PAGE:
Dr Shadd Maruna, of Queens University, Belfast, an international expert on prisoner reintegration, is of the view that sending people to prison almost guarantees that 70% of them will reoffend after leaving. He was a keynote speaker at Prison FellowshipÃ¢â‚¬â„¢s three day Conference on Prisoner Reintegration, held at Silverstream last weekend.
Ã¢â‚¬Å“Successful prisoner reintegration requires us to overcome all the obstacles that contributed to the offender going to prison in the first place, - personality disorder, economic and social disadvantage, deficits in human and social capital. We know there are some things that will help the prisoner reconnect with the community Ã¢â‚¬â€œ a stable marriage or relationship, sustainable and meaningful employment, movement away from peer group influences, and a sense of hope and responsibility.Ã¢â‚¬Â
Ã¢â‚¬Å“What works against successful reintegration is the experience of being in prison. It interferes with normative development, robs offenders of gainful employment, and puts them in a situation where community prejudice almost guarantees that any efforts they make to reintegrate will fail.Ã¢â‚¬Â
Ã¢â‚¬Å“Internationally, one of the most predictable statistic in criminology, is that between 60% and 70% of prisoners will reoffend on release. Putting offenders with serious drug, mental health or personality issues in the company of people with the same problems for a couple of years, and then sending them out into the community with a huge stigma, almost guarantees that they will re-offend.Ã¢â‚¬Â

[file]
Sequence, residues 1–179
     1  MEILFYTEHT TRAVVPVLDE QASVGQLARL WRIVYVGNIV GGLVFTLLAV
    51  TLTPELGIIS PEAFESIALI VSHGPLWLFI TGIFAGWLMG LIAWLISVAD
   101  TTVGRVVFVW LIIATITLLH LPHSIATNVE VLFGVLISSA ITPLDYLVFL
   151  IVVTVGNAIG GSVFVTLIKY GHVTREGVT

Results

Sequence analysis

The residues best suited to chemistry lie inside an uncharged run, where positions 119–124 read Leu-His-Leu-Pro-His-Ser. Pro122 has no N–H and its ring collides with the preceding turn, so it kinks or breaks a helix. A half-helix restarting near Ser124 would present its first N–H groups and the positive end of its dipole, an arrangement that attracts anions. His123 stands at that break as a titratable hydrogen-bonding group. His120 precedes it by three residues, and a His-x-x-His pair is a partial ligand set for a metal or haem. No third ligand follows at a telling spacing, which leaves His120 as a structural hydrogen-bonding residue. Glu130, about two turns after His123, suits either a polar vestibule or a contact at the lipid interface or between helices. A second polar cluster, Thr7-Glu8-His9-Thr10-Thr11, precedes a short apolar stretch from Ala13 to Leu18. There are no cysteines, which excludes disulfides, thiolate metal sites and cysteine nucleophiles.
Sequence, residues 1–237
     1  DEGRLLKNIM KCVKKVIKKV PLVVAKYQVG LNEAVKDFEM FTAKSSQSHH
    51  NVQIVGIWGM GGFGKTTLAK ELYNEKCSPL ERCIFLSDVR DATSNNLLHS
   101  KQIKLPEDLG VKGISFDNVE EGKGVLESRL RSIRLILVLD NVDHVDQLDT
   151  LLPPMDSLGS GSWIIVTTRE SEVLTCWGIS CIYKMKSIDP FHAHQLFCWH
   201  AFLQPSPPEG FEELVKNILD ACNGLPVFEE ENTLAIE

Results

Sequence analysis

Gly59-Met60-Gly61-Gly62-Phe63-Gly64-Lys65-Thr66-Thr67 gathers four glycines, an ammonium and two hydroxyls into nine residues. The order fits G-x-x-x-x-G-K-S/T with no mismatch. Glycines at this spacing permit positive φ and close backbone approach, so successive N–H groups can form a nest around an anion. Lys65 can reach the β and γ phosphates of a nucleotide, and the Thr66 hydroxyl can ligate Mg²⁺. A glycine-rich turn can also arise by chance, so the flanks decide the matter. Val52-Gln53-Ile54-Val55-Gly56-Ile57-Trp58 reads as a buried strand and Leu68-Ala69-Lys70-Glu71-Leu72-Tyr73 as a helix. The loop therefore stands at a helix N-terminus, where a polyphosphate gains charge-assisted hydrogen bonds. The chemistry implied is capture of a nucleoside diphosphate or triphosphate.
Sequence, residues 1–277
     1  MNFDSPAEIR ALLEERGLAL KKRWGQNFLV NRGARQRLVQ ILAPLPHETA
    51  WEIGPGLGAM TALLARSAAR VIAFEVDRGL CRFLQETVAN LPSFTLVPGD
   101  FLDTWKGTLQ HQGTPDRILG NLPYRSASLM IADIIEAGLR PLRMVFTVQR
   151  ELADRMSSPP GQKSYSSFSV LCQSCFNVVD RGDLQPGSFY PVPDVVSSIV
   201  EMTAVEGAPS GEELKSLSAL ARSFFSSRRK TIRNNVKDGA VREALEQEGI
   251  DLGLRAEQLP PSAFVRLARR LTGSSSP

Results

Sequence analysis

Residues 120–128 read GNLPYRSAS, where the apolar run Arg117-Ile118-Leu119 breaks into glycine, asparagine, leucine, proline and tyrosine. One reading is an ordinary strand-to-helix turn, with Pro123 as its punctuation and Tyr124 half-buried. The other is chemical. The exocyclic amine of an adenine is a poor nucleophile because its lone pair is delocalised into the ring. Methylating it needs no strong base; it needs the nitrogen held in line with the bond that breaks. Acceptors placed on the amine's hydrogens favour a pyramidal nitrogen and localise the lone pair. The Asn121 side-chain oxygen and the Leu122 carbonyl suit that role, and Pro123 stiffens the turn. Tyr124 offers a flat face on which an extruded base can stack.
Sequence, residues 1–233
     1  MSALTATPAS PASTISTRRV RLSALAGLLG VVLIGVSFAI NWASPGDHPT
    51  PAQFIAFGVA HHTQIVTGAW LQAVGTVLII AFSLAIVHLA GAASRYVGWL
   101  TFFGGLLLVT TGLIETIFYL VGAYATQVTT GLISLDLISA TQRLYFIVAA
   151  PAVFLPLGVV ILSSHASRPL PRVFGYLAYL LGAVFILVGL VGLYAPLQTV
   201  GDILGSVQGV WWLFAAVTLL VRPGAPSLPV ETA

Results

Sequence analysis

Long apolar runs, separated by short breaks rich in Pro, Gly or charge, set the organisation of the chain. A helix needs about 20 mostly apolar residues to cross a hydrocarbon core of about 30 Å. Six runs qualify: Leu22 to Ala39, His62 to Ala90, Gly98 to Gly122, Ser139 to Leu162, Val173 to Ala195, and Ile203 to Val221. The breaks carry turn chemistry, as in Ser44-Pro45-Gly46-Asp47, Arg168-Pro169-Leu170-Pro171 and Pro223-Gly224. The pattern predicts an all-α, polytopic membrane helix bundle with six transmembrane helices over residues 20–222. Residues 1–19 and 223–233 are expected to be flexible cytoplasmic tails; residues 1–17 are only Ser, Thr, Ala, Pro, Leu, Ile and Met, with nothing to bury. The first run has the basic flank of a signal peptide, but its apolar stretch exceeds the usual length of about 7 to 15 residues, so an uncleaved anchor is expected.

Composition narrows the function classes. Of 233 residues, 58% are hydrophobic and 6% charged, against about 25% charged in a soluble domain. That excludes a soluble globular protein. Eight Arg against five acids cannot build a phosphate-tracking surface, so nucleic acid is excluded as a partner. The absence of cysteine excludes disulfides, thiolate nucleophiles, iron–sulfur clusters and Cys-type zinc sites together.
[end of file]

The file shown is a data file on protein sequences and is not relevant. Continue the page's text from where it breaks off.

Kim Workman, National Director, of Prison Fellowship said that the community and government has yet realise that prisoner reintegration is going to become a significant social problem within the next 2 - years. Ã¢â‚¬Å“Eventually, about 98% of the prison population will be released, and around 85% will be released within the next two years. The prison population is due to increase by around 1000 over the next four years. That means that around 10,000 prisoners will be released annually. We need a community-wide strategy to deal with this issue. Failure to do otherwise, will lead to a very serious social problem.Ã¢â‚¬Â
The Conference is timely, and the discussion and recommendations from it will be reported back to government, and the wider community, before the end of the year. There was strong support from all participants, for a major reshaping and resourcing of the current reintegration policy.